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Recreation Fees Going Up at School Sites

Residents will soon see a hike in fees for some recreation programs as a result of a joint-use agreement adopted by the City Council on Tuesday.

The new agreement with the Laguna Beach Unified School District sets terms for the shared use of school athletic facilities, as well as shared funding to renovate the tennis courts and pool at the high school.

While the new agreement retains residents’ rights to make use of school facilities much as before, it shifts a greater share of their maintenance to the city. In turn, city officials will pass some of those costs on to the public through higher fees for recreation programs that use school facilities.

Residents as well as team sports make use of the high school pool, now covered by a new contract that requires higher resident fees.

Residents as well as team sports make use of the high school pool, now covered by a new contract that requires higher resident fees.

The parties devised the original joint use agreement in October 1992 to share installation and maintenance costs of a new pool at the high school, as well as the refurbishment of the Artists’ Theatre. The 20-year pact also governed shared use of other venues, where each party waived fees for use of their respective facilities.

Over the past year, Mayor Kelly Boyd and Mayor Pro Tem Elizabeth Pearson worked with school board members Ketta Brown and Theresa O’Hare, as well as with City Manager John Pietig and district Superintendent Sherine Smith, to come up with a new agreement covering continued shared use of the various facilities.

Under the previous agreement, the district assumed costs to maintain the gym and fields, while the city shouldered 70 percent of the costs for the pool and tennis courts. Also, the city paid for the pool manager and lifeguards, while the district paid to maintain the pool building.

Instead of a single contract, the City Council this week approved a master joint use agreement with individual five-year agreements covering the pool, tennis courts, gymnasiums and fields, respectively.

Under the new terms, the city and district will still share pool expenses 70/30, but the city will take over the building maintenance.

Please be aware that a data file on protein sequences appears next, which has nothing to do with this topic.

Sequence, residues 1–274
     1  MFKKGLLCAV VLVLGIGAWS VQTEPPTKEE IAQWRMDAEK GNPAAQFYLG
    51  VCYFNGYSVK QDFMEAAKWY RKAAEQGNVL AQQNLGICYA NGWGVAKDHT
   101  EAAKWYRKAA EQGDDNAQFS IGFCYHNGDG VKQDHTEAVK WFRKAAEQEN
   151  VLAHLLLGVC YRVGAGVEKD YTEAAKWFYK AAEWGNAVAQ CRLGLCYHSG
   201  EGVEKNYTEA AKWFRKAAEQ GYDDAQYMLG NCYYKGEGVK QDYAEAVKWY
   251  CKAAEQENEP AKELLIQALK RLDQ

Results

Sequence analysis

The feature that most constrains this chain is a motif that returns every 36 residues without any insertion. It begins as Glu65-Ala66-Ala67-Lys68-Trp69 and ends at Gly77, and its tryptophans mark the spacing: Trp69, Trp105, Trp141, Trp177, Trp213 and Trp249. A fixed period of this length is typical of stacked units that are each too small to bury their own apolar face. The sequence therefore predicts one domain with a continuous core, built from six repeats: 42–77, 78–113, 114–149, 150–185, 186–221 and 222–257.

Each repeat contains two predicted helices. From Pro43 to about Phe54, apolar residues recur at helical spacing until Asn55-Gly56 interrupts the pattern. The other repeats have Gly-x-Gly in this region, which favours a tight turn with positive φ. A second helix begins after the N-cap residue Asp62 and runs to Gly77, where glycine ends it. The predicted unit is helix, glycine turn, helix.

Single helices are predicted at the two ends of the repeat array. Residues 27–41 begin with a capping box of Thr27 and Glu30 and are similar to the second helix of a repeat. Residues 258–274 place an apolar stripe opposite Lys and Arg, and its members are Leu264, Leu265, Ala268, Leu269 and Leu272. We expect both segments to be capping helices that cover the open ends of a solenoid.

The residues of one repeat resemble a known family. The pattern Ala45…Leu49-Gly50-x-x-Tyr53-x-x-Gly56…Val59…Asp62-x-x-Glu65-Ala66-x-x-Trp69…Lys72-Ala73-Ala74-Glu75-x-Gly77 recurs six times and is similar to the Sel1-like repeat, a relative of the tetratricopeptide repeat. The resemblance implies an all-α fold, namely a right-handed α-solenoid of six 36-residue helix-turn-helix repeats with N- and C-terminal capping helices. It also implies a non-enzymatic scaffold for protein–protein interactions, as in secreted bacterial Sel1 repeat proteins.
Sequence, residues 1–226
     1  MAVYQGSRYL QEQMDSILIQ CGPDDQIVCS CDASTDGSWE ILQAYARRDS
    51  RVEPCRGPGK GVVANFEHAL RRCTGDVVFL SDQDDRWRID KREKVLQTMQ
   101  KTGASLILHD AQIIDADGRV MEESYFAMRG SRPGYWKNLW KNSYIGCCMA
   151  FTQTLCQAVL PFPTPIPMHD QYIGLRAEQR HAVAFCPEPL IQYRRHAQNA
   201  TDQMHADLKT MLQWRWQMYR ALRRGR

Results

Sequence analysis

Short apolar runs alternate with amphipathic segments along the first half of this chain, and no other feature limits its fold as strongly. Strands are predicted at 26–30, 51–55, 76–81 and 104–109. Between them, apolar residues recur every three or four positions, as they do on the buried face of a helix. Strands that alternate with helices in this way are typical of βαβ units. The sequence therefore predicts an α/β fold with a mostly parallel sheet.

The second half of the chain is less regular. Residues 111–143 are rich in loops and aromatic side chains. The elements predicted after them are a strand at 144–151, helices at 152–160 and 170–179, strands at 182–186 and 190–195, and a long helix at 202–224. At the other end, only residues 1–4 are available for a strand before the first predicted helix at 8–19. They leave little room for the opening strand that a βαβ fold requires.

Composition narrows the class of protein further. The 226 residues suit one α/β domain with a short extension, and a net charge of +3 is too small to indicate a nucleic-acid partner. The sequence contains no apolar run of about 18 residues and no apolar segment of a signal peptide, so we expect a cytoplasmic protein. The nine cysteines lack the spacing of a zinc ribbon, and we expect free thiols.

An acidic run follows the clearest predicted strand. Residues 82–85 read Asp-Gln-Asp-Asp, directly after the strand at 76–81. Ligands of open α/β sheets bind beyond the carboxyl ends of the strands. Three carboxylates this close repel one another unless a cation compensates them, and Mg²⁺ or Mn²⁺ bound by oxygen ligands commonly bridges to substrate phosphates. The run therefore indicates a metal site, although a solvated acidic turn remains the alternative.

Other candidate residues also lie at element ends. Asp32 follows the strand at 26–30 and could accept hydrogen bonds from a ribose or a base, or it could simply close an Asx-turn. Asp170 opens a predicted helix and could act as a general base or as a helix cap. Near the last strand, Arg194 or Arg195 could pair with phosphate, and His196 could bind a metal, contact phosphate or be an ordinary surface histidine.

For the tennis courts, an unofficial 70/30 cost sharing arrangement between the city and the district was formalized in the new pact.

With the exception of a $900,000 contribution towards expanding El Morro’s playing field in 2000, the city has not contributed towards maintenance of school gyms and fields. But the new agreement “is where we start to diverge from the historical relationship,” Ben Siegel, deputy director of community services, told the council.

To offset janitorial and utility costs, the new agreements impose a 10 percent surcharge, phased in over two years, on fees for city recreation programs taking place on school facilities. Additionally, drop-in basketball players will now pay $3 instead of $2 currently charged to join a game of hoops. The surcharges on recreation and basketball drop-in fees will go entirely to the district and generate about $20,000 a year and $1,500 a year, respectively, said Siegel.

Separately, the master agreement stipulates that the city pay the district $25,000 a year for capital improvements over the five-year term.

The city will also pay for 70 percent of $620,000 in tennis court improvements, under the new agreement. The city has already budgeted $310,000 for the project and the remaining $125,000 will come from advance payment for five years of capital improvement contributions.

Siegel said the pool agreement will likely be amended by next May to address renovation; the city has already budgeted $200,000 toward the project.

Before approving the agreements, the City Council deliberated over a few sticking points.

If tennis court renovation included the addition of lighting, neighbors should be noticed in advance, Council member Toni Iseman said. “I want to make sure we protect our residents who are most potentially adversely affected,” agreed council member Steve Dicterow.

Iseman also lamented the lack of an agreement formalizing shared use of the Artists’ Theatre. “We’re just giving [the district] a pass,” she said.

Though the city contributed $300,000 to the refurbishment of the theater more than 20 years ago, scheduling use of the theater remains at the district’s prerogative, governed by a 2008 policy that provides for use by community groups, but prioritizes district use.

Siegel noted that the city tried to include the theater in the joint use agreement, but the district refused.

 

 

 

 

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